Hampstead Girl Scouts hold Victorian dinner


April 09, 1997|By Pat Brodowski | Pat Brodowski,SPECIAL TO THE SUN

HAMPSTEAD'S GIRL SCOUT Cadette Troop 1909 dressed in long skirts and lace Friday to serve dinner to 120 other girls from local Daisy, Brownie and Junior troops.

The evening's Victorian theme had a purpose. Juliette Gordon Low, who founded the Girl Scouts, was born in 1860 during the Victorian era. And the girls had recently visited the Victorian-style, hands-on Belle Manor museum in Harford County.

The dinner was held at St. Mark's Lutheran Church on Main Street.

All the girls received corsages, made folded fans, sat for photographs in a "parlor" set up for the night and sang.

Food and inventions of the past 85 years -- since the founding of the Girl Scouts -- were displayed. The Cadette Scouts, assisted by their parents, served chicken fingers, meatballs and cake.

Hostess Bethany Bromwell dressed in lace jabot and a silk, floor-length skirt, led a history lesson every child would enjoy. She showed the girls products, such as Oreo cookies, graham crackers and potato chips, that came into being during Low's lifetime. Old Girl Scout books and plaques were shown, too.

"Scouting has the same point [today], but the words have been changed over the years," she said, referring to outdated Girl Scout materials.

The dinner was part of the girls' quest to earn a Scouting award. Participating were Katie Miller, Kathryn Naylor, Bethany Bromwell, Peggy Szewczuk, Dana James and Kristen Maffei.

Troop 1909 is planning a trip to Savannah, Ga., Low's birthplace.

"Scouting is a learning experience that's totally fun," Bethany said. "Look around. If you don't think this is fun, what is?"

Information: 410-876-7103.

Town celebrates history

About 30 people celebrated the 300th birthday of the Manchester Oak Tree with a historical skit and birthday party on Sunday at the Town Office.

The party opened a monthlong show of about 100 artworks by Manchester public school students in the council chamber at the Town Office.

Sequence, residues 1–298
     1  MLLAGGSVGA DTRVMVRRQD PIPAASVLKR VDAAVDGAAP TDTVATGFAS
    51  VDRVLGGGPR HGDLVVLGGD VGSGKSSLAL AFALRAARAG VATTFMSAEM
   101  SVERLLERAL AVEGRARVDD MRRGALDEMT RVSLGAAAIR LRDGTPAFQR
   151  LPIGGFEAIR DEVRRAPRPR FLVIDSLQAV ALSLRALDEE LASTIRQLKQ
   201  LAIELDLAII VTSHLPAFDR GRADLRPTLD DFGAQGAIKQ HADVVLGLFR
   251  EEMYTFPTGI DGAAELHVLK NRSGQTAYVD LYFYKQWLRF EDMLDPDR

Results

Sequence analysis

Under the direction of Rebecca Dowsley, 15 4-H members arrived in period costumes to illustrate each generation of Manchester's history, as witnessed by the famous tree, played by Heather Slivecky. The 4-H clubs represented were Manchester Maniacs, Deep Run, Pleasant Valley, Sam's Creek, Kids on the Block and Flaming Arrows.

Rebecca, who wrote the script, also cast the players.

"I looked for anyone with good speaking ability, and those who wanted the opportunity to try public speaking," she said.

The cast included Sandy McCarthy as Chief Macanappy, a Susquehannock Indian who once lived in Manchester, and Jamie Ridgely as the chief's wife. Adam Reese played landowner McGill, who received one of the first land grants in town, "McGill's Choice," in the 1700s. Laura Fisher played the first German preacher in Manchester.

Representing the town's brush with the Revolutionary War -- soldiers passed by the tree on their way to battle -- was Sandy Bolm as a fife player. Mrs. Utz, an early Pennsylvania-German immigrant, was portrayed by Jamie Lippy. Jenny Lippy, wearing a hoop skirt, played Lauren Scott, a Manchester resident who was a staunch patriot during the War of 1812.

Heather Wilson portrayed Sarah Hahn, who played in the band when Manchester became incorporated as a town in 1833. Christina Ramirez hopped from a Conestoga wagon. Justin and Matt Barber played Confederate soldiers.

Laura Miller and Laura Gibson retold Manchester's educational history. And Amy Yirka played herself, a modern 4-H club member active in community service.

Pub Date: 4/09/97

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